Like a good parent, governments can nurture entrepreneurship

Posted: Friday, November 16, 2001

NEW YORK (AP) -- In dealing with constituents, governments concerned with promoting economic progress can benefit from a lesson familiar to any parent: Strike a balance between security and self-sufficiency.

Too much security can thwart initiative, leaving a nation's potential economic development unfulfilled. Too little can deny benefits to those who really need assistance to fulfill their role in society.

The reminder comes in a worldwide study of new-business initiatives for the Kaufman Center for Entrepreneurial Leadership, a Kansas City, Missouri nonprofit organization. It is only one of the findings, but a significant one since entrepreneurship is equated with economic growth and renewal.

''If a country is to fully realize its potential for entrepreneurial activity,'' the report states, ''government should avoid creating a welfare state where everyone is provided for regardless of personal initiative.''

The study, conducted last year among the adult population of 29 countries by Babson College, London Business School and IBM, shows countries with a finely woven social safety net ranked near or at the bottom in small-business formation.

Heading the most-entrepreneurial list were Mexico, New Zealand and Australia, followed by Brazil, Ireland and Hungary. At the bottom were Belgium, Japan, Singapore, Israel and The Netherlands.

The study showed most European Union nations, along with the United Kingdom, were among the least entrepreneurial. And, while ranked in the top 10, Brazil and the United States showed sharp declines from 1999.

The so-called GEM study, for Global Entrepreneurship Monitor, distilled what it called propositions that seem to apply to all countries regardless of their level of economic development.

The first of them is that ''a strong commitment to edcuation, both general and entrepreneurship-specific, is clearly justified across all national contexts.''

The study ''clearly identified government regulatory burdens as a major deterrent to higher levels of entrepreneurial activity,'' especially in regard to time consumed and costs involved.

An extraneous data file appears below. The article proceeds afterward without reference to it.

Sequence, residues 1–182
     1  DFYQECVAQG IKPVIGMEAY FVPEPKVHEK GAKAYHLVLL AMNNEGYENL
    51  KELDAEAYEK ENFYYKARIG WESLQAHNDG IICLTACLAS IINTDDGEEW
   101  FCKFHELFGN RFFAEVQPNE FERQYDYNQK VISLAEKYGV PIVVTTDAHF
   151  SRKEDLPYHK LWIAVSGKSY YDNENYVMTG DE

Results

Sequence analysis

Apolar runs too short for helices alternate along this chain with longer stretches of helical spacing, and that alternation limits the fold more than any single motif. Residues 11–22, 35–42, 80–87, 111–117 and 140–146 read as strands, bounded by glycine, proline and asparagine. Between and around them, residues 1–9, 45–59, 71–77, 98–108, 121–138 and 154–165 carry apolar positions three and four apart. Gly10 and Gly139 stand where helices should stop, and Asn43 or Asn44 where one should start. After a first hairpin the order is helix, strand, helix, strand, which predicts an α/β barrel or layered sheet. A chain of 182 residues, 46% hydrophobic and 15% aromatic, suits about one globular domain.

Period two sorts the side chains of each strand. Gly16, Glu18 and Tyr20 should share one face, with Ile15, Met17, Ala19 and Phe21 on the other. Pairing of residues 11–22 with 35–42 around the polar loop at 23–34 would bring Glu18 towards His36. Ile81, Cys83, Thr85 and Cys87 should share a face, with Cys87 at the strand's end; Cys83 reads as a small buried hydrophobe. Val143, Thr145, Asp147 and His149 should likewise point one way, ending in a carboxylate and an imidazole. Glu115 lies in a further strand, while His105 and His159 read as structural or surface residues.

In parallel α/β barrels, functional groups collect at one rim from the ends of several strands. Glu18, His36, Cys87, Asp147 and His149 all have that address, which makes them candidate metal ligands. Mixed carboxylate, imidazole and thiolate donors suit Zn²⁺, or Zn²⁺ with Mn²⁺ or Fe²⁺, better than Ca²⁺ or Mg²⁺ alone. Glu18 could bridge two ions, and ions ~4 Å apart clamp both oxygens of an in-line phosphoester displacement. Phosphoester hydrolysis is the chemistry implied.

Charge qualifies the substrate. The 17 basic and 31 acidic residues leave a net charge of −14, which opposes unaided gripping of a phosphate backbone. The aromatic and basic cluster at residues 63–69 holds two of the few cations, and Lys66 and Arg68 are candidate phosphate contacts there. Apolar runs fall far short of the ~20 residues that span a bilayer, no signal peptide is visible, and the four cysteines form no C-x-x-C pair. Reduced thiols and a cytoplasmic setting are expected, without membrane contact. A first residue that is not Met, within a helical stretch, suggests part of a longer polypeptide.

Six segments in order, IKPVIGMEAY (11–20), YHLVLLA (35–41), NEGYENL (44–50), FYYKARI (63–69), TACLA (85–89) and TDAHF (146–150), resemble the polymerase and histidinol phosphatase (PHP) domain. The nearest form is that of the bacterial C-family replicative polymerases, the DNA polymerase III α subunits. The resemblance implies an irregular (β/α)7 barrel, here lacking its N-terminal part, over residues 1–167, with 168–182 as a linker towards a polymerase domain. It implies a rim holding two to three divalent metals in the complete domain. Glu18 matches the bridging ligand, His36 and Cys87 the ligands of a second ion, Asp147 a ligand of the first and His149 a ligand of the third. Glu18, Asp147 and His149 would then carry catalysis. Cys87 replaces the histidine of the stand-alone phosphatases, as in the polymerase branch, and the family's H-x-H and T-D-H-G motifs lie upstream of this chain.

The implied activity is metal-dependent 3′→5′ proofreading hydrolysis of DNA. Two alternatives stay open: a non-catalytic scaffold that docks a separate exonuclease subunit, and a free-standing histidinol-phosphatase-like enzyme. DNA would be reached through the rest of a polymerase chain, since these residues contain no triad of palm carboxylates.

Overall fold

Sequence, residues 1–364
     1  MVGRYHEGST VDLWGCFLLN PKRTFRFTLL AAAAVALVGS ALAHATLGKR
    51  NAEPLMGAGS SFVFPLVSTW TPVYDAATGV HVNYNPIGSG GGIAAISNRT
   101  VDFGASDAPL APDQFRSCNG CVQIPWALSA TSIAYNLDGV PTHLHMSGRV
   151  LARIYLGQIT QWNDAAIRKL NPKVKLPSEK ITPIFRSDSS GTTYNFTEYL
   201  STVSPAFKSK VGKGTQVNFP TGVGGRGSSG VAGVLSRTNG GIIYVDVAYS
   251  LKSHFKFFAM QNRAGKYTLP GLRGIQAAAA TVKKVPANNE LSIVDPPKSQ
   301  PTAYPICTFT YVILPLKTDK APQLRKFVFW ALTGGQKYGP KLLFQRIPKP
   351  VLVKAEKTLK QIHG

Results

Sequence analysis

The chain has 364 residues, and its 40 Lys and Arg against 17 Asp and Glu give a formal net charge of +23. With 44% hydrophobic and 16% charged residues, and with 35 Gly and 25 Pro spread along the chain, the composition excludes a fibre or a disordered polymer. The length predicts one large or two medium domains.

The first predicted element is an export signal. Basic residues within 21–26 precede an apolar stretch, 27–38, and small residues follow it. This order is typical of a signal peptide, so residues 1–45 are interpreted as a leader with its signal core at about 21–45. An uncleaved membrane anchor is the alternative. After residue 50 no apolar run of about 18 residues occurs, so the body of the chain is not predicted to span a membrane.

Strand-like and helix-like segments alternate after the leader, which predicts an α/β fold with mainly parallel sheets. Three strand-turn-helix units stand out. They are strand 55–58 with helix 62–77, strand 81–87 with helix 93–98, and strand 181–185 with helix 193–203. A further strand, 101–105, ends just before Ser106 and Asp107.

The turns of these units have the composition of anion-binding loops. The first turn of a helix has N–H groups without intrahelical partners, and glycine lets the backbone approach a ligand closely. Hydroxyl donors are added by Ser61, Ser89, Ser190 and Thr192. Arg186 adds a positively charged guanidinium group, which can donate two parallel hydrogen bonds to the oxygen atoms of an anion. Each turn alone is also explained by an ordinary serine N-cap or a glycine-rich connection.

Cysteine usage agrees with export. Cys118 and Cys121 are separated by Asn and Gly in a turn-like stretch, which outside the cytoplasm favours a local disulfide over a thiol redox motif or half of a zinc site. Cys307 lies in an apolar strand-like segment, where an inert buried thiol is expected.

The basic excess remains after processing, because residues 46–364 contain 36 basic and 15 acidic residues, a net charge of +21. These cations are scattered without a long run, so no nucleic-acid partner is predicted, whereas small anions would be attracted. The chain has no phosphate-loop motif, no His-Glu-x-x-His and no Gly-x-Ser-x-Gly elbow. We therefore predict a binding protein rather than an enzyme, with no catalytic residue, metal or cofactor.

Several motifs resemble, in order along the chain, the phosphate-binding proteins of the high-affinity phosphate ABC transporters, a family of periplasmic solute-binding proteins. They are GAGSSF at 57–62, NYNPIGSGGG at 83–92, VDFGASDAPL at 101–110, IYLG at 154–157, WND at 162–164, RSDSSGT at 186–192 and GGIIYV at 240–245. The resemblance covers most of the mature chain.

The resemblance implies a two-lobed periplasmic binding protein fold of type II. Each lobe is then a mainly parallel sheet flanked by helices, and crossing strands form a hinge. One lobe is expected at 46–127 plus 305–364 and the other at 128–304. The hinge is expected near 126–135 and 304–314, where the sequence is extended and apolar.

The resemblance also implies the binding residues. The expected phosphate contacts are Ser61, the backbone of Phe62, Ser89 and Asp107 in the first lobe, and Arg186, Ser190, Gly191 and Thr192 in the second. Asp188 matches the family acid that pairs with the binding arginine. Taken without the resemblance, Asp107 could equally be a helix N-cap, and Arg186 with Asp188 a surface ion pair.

It also found ''a strong negative association'' between the level and duration of jobless benefits and the occurrence of new-business creation that results from necessity, as opposed to opportunity seeking.

If a country is to realize its potential for small-business formation, it contends, ''its government should avoid creating a welfare state where everyone is provided for regardless of personal initiative.''

The researchers explain that since entrepreneurship ''is the means by which societies extract value from innovation,'' they propose that increased investment in technology development has positive results.

And they point out that a consequence of encouraging entrepreneurs is the inevitability of business failures, while contending that such failures should never be confused with personal failure.

In fact, they argue that in the broadest view business failures are necessary for the efficient operation and adaptation of an economy, since a failed business's resources are reallocated to more productive uses.

The GEM program is scheduled to expand the number of participating countries in coming years, the goal being to extract new and more precise explanations for business formation and success.

End Adv PMs Thursday, Nov. 15.

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